The Istituto Veneto di Scienze Lettere e Arti presents an exhibition "L’ultima Venezia", from 22 March to 5 May, with sixty original photographs of the Swiss Gotthard Schuh, a photographer who lived in Venice in 1963.
With his Leica, Gotthard Schuh depicts a concrete image of city life of those years, but at the same time full of the charm of its history, and social and urbanistic realism that is the most amazing feature of Venice.
Gotthard Schuh was born on 22 December 1897 in Schöneberg (Berlin). After an academic education he embarked on his career as an artist by taking up painting. However, in 1926 he became interested in photography, focusing principally on daily life in central Europe and Italy. In 1927 he married Marga Zürcher, which prompted him to move to Paris, where he continued to experiment with photography and also did portraits of such eminent figures as Picasso, Braque and Léger.
In 1931 he began a long and fruitful collaboration with Arnold Kübler and the weekly "Zürcher Illustrierte"; many of his photographs also appeared in the magazines "Vu", "Paris-Match", "Berliner Illustrirte" and "Life".
On 16 March 1938 Schuh sailed from Genoa on a trip to Indonesia, where he visited the islands of Sumatra, Java and Bali. The result of this fundamental experience was the book "Inseln der Götter", published in 1941 and later reprinted and translated into several languages.
In order to promote photography, in 1951 Schuh founded the Kollegium Schweizerischer Photographen.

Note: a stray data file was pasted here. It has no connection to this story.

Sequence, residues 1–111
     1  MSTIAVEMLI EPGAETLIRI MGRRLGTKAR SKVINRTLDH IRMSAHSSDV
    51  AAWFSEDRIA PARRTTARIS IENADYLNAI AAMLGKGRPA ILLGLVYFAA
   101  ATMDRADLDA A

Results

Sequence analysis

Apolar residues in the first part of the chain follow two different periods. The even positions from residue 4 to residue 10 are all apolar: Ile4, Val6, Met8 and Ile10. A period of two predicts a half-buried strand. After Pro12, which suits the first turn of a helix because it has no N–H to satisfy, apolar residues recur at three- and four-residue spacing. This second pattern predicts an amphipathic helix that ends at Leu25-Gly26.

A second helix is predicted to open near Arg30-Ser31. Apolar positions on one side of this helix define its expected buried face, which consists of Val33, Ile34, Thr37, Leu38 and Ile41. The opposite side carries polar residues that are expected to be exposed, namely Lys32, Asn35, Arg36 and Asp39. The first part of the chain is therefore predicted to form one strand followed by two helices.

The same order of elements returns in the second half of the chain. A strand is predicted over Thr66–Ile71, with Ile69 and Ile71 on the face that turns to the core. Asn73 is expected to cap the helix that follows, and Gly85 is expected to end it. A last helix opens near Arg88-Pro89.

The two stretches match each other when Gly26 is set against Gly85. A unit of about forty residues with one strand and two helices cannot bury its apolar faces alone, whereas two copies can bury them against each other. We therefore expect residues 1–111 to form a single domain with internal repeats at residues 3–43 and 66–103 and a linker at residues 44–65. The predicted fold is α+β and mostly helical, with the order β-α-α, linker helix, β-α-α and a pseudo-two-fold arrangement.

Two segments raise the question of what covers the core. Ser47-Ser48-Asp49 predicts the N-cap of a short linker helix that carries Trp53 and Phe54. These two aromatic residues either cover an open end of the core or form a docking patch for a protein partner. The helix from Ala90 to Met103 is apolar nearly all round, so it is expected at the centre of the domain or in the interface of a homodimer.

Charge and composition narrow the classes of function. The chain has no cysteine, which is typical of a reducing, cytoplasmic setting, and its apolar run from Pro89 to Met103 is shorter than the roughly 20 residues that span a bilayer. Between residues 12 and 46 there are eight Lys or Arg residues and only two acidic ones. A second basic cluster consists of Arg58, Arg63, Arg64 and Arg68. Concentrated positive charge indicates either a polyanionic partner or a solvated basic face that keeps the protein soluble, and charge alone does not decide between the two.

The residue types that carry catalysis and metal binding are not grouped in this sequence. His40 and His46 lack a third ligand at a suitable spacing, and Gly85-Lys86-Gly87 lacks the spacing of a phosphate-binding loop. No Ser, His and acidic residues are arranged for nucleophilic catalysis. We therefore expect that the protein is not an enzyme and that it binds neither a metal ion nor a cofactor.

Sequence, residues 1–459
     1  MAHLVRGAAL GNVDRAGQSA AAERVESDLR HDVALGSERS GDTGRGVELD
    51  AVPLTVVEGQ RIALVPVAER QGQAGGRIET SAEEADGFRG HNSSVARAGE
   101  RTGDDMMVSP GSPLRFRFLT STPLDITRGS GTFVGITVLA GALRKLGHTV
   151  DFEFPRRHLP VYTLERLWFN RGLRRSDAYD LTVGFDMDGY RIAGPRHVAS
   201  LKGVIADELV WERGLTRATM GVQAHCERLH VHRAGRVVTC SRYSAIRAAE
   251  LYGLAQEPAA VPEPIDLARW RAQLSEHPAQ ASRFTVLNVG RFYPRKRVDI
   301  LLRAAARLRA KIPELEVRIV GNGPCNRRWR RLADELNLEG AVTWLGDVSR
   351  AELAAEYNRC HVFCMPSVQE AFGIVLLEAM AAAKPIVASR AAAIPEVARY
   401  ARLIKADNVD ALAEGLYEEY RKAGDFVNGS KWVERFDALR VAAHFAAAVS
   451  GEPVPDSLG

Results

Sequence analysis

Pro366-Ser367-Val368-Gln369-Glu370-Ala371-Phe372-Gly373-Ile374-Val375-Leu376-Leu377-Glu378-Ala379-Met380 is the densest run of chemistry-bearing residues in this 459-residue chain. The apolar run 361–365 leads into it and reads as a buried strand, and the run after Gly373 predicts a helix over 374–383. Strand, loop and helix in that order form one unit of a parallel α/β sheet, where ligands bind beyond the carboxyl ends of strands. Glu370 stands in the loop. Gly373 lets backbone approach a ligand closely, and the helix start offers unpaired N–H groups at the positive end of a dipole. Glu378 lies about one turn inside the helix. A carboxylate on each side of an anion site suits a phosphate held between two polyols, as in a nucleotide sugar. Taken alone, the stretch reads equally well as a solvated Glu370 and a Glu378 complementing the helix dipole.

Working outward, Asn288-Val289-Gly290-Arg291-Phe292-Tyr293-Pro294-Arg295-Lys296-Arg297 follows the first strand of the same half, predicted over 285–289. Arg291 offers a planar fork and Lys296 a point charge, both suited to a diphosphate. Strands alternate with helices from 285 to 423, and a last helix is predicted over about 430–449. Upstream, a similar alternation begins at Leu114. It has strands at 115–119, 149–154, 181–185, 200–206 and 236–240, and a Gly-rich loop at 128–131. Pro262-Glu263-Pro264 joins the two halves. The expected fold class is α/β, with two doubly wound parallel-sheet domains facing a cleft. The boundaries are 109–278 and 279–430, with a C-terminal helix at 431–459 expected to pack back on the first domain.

Since 1953 Schuh spent his summer time in the Canton Ticino, and went back to painting, which he had abandoned many years earlier. In 1957 Schuh exhibited at the Photography Biennale in Venice, and was awarded the gold medal for the overall quality of his works; the city of Venice was the subject of his last reportage, in 1963, published in the monograph Tage in Venedig in 1965.
After a long illness Schuh died in Küssnacht (Zürich) on 29 December 1969, at the age of 72.
The exhibition "L’ultima Venezia", combined with a number of study and research initiatives about life in Venice in the years from the end of the Second World War to the flood in 1966, is dedicated to Vittore Branca (1913–2004), who was vice-president and president of the Istituto Veneto for almost a decade. He was representative of a group of men who were capable of loving and understanding this city, of animating it with a profound and not merely ephemeral cultural life.
Why "L’ultima Venezia"?
There are many "last Venices": precariously built upon water, the city periodically seems destined to disappear. But Venice has demonstrated many times that it is capable of surviving the most ruinous tragedies and of transforming itself, without, however, losing any of the extraordinary magic that has made it so greatly loved and celebrated over the centuries. Our hope is that Schuh’s photos may enable us to rediscover some of that magic, so that we can ensure it is not entirely lost.
This photography exhibition presents the novel image of a Venice that is recent in time but equally far from the stereotype of our days.
These are the pictures of city life shot in the streets, in shops, along the canals, offering a perception of life within a great common home, where the squares are the rooms, the streets are corridors and the houses are "rooms within rooms", in a unique and surprising social and urban dimension. Perhaps this was the last of Venice...
In cooperation with the Museum of Culture, the City of Lugano, Switzerland.
The exhibition is opened till 5 May at:
Istituto Veneto di Scienze, Lettere ed Arti
San Marco, 2945, 30124 Venezia